The Ascension of King Kyrie

Feb 6, 2013; Cleveland, OH, USA; Fans hold up a sign mentioning Miami Heat forward LeBron James (not pictured) and Cleveland Cavaliers point guard Kyrie Irving (not pictured) during a game between the Charlotte Bobcats and the Cleveland Cavaliers at Quicken Loans Arena. Mandatory Credit: David Richard-USA TODAY Sports

A week ago, the hype around Cleveland Cavaliers point guard Kyrie Irving was just that: hype. Sure, he was the NBA’s sixth leading scorer, had some big games on big stages and had gotten major praise from chief figures in the media. But he was lacking that signature moment that truly took his profile outside of Lake Erie. But today, we live in a different time. Irving has truly taken his profile outside of Cleveland for the first time. Looking at him today, he is truly a star  – and here is why.

When I say that Irving had never had a real signature moment, I truly believe that. Sure, he’s had game winners was MVP of the Rising Stars Challenge last year, but none of that really made people outside of Cuyahoga County really look at Irving as a star. All it did was tell people that Irving is a talented player on a struggling team that has the potential to be great point guard. At best, people looked at him as the second best point guard in his own division behind Chicago’s Derrick Rose.

That is not the case anywhere. Last week, in his second appearance on All-Star weekend, Irving was a star. On Friday, in the Rising Stars game, he scored 32 points in 26 minutes of action. More importantly, Irving made what I thought was the highlight of the weekend. In the fourth quarter he was matched up one-on-one with the Pistons Brandon Knight on the wing. After a few dribbles, Irving went to work: he crossed over Knight so well that when he pulled up for a jumper, Knight just fell down. That play was replayed over and over again over the weekend. It’s gotten so big that when you Google search “Brandon Knight defense,” 95 percent of the results are about that play from All-Star weekend.

On Saturday, Irving won the Foot Locker Three-Point Contest in a field that included noted marksmen Stephan Curry, Steve Novak and Ryan Anderson. A career 41 percent shooter from behind the arc, Irving isn’t really known as a sharpshooter. At best, he was a dark horse in this competition. But he won. He beat out Novak in the East and then took out the Spurs Matt Bonner in the final. So, on Saturday, Irving was 2-for-2.

On Sunday, Irving didn’t explode like some thought he would, but he did have a good game. Scoring 15 points, Irving played alongside the NBA’s elite. While he didn’t get the start at the beginning of the game, Irving did get to start the second half alongside the likes of LeBron James, Dwayne Wade and Kevin Garnett. To be frank, that is where he belongs.

In a way, Irving starting the second half was the moment of the weekend. It wasn’t a particular play that will be part of his highlight reel for years to come, but it was a moment that showed the world that Irving belongs there.

Irving then saw his next actin on the court in a nationally televised game against Anthony Davis and the New Orleans Hornets. The game, which aired on ESPN, was the one Cavs game this year that the entire nation could watch. He started out slow and looked a little fatigued from his long weekend in Houston. The game itself wasn’t aesthetically appealing either, but then came the fourth quarter.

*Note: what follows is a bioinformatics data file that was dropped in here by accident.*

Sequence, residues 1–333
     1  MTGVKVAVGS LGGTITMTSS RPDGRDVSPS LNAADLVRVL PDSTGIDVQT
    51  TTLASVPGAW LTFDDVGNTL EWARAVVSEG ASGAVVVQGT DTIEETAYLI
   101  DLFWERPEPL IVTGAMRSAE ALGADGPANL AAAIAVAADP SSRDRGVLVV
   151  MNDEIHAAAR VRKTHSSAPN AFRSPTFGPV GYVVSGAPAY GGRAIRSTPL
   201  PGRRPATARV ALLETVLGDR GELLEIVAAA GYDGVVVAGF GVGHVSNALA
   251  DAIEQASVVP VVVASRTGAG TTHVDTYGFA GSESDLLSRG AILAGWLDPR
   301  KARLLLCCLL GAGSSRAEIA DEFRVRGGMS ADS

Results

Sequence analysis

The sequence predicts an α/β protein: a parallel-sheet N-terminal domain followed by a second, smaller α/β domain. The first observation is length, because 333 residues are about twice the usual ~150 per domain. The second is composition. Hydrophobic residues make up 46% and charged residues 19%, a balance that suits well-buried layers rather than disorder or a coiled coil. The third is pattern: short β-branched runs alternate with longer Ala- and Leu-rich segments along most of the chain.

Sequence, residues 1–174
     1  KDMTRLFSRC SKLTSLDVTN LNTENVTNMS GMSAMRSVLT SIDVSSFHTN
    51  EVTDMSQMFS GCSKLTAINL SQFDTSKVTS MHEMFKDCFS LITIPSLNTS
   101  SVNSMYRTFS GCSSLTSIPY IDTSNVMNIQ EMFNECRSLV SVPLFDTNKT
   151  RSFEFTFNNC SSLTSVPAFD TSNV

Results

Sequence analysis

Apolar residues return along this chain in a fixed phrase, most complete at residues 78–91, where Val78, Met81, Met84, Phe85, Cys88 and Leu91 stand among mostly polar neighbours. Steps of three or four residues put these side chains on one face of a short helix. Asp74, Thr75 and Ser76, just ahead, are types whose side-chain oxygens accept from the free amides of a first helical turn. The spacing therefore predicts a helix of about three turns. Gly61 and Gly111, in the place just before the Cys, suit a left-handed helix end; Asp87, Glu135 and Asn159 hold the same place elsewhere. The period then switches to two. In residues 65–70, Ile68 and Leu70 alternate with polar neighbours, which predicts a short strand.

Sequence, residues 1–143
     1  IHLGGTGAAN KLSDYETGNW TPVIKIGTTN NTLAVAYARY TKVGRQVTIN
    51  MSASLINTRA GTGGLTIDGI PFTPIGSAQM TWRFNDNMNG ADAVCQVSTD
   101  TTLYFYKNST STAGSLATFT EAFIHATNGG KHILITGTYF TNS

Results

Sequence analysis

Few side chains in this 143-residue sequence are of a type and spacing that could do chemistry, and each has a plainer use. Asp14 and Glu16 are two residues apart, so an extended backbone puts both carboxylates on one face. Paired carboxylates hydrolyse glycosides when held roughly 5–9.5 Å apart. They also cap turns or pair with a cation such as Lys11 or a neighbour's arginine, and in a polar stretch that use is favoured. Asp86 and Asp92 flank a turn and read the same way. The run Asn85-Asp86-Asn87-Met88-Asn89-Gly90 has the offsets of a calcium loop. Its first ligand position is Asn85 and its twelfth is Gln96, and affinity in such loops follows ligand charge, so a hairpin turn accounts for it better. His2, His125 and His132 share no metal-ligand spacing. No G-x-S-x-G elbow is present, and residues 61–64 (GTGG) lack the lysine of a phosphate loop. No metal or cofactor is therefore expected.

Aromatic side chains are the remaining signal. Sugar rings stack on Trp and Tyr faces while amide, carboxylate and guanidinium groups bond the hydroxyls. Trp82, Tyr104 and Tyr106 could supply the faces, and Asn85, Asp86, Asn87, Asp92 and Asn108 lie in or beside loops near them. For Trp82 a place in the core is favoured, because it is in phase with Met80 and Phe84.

We’ve known for a long time now that Irving can close out games with the best of them. We saw that against Oklahoma City and Boston last year, and against Toronto just a few weeks ago. But his performance against New Orleans was something else.

In the fourth quarter, Irving scored 20 of his 35 points. Of those 20 points, Irving scored 11 in a row at one point and 18 of 20 at another. This all occurred in the last 7:08 of the game when Irving came back after a rest. To break that down, that’s 2.82 points per minute of scoring while he was on the floor. That’s absolutely incredible. Without that performance, the Cavs don’t win that game. They lose another game in a lost season that is destined to see the Cavaliers back in the lottery, even with Irving playing as well as he has.

Irving also made that game watchable. Without Irving, that game is between two bad basketball teams playing on national television. With Irving, and his fourth quarter magic, that game was watchable and exciting.

So what does this all mean? It means that Irving has become the new king of Cleveland basketball and that he is a star right now. Not only do the stats say that, but he is making the “wow” plays that only stars make. On All-Star weekend, the only play that rivaled Irving’s crossover was Kobe Bryant’s block on LeBron.

Some people think Irving is the best guard in the league right now, ahead of guys such as Chris Paul and Derrick Rose. I still would put Paul ahead of him, but that gap is not as big as it once was. Irving is the total package – scoring, passing, shooting, charisma and improving defense. He has it all and there really is no ceiling on how great he could be.

Kyrie is king. He is a star in the truest sense of the word. Embrace it, love it and enjoy it while it lasts. This is the Kyrie Irving era. It’s here and it’s only going to become more spectacular.

Topics: All-Star, Cleveland Cavaliers, Kyrie Irving

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